Pakistani general calls NATO airstrike deliberate


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REPORTING FROM ISLAMABAD, PAKISTAN -- A top Pakistani army general Tuesday called a NATO airstrike last week that killed 24 Pakistani soldiers along the border with Afghanistan a deliberate act of aggression, and he expressed doubt that a U.S. investigation would uncover the truth.

Asked by a reporter what would be the motive for NATO to deliberately kill Pakistani soldiers, Maj. Gen. Ashfaq Nadeem replied that the question needed to be put to the alliance, according to a security analyst who attended the briefing. The gathering was open to analysts and Pakistani journalists but not to the foreign media.


Saturday’s attack by NATO helicopters on two Pakistani army border posts has plunged U.S.-Pakistani relations to a new low, just as both sides had begun to mend the partnership following the secret U.S. commando raid that killed Al Qaeda leader Osama bin Laden in the city of Abbottabad in May. That raid incensed the Pakistani military and public, which denounced it as a blatant breach of their country’s sovereignty.

NATO and the U.S. have begun investigations into the airstrike. So far, officials in Washington, Kabul and Islamabad have given widely disparate accounts of the attack. U.S. and Afghan officials have said a team of Afghan and coalition troops conducting a nighttime operation on the Afghan side of the border came under fire from the direction of the posts and called in air support.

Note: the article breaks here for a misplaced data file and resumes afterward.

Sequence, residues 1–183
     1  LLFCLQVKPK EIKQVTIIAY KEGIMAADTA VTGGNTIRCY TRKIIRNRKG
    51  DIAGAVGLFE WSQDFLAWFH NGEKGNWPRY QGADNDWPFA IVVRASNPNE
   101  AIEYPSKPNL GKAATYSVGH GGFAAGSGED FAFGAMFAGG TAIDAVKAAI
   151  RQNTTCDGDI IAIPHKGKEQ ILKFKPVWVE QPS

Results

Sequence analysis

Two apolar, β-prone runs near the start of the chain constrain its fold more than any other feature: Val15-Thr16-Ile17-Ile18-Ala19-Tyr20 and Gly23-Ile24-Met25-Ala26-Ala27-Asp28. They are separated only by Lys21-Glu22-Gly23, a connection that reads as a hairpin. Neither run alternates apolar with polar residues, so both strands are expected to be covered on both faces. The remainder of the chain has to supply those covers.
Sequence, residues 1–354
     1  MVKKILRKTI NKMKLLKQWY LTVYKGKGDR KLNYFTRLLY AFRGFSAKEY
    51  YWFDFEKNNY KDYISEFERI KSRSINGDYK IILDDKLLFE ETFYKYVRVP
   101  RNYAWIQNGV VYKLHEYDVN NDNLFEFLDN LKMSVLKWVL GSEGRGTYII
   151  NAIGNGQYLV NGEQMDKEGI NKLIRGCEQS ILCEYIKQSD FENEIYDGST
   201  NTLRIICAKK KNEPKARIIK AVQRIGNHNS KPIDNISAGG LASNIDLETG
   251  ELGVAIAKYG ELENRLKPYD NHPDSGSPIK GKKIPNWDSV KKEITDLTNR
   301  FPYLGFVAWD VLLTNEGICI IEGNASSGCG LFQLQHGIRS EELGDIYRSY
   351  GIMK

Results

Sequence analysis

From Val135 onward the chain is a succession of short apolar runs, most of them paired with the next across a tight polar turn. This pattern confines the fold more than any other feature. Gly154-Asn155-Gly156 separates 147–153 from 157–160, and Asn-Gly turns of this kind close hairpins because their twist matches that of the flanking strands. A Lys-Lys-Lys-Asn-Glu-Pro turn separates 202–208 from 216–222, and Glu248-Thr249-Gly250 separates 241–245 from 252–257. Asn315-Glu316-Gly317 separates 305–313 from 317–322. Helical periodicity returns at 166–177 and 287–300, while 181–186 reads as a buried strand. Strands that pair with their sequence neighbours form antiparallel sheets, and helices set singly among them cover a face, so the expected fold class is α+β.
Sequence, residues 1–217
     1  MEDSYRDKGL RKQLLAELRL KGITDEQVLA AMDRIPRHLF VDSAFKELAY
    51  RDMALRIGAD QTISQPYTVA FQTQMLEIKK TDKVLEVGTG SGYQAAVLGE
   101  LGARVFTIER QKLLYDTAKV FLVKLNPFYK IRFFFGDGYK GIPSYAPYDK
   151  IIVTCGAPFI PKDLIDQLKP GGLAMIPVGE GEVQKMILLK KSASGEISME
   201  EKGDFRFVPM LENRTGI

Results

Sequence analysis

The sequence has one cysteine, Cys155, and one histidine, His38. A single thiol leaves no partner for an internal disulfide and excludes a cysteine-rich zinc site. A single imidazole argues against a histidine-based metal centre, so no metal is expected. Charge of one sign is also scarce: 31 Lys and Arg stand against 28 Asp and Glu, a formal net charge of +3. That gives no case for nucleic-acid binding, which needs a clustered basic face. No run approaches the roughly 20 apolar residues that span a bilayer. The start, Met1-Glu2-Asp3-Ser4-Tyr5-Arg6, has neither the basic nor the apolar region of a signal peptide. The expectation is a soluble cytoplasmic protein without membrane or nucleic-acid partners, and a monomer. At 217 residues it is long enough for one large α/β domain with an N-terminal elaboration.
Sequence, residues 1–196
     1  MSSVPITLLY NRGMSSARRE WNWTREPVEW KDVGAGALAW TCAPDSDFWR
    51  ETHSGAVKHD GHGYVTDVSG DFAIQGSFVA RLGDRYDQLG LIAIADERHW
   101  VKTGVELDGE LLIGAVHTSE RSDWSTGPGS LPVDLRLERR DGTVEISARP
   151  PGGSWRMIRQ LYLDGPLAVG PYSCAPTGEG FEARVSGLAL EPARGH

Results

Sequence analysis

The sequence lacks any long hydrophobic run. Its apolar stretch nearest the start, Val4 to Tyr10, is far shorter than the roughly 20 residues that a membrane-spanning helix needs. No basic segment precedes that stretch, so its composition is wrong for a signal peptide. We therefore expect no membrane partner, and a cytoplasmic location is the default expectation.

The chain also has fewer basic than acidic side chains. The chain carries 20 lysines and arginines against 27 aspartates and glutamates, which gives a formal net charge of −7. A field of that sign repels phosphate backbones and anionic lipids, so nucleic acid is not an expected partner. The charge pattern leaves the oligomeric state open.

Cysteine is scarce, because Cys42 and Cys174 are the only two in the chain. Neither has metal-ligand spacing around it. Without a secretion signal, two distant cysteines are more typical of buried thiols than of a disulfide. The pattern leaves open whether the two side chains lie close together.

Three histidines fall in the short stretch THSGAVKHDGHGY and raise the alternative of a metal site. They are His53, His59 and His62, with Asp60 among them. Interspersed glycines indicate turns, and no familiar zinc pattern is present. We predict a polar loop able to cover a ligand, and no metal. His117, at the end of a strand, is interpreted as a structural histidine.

Pakistani military officials insist that the airstrike was unprovoked.

According to the security analyst who attended the briefing, former Pakistani Gen. Talat Masood, Nadeem said military leaders were convinced that the attack was deliberate because NATO knew the exact location of the two posts. Also, NATO helicopters continued firing even after Pakistani military leaders alerted the alliance that Pakistani soldiers were stationed at the posts. The attack lasted nearly two hours, Nadeem said.

Nadeem’s remarks came as Pakistan decided to pull out of an international conference in Bonn, Germany, to discuss Afghanistan’s future. The conference, scheduled for next Monday, is to assemble Western and regional leaders who will seek ways to ensure Afghanistan remains stable as the U.S. and its allies pull their troops out of the war-torn country by 2014.

Expectations are low for any significant breakthroughs. Nevertheless, Pakistan is seen by both Washington and Kabul as a key player in forging a peaceful resolution to 10 years of war against Taliban insurgents in Afghanistan.

Pakistani leaders said this week that they will revisit their level of cooperation with the U.S. and NATO in the wake of the airstrike, and the pullout from the Bonn conference appeared to signal Islamabad’s willingness to use its influential role in Afghanistan as leverage.


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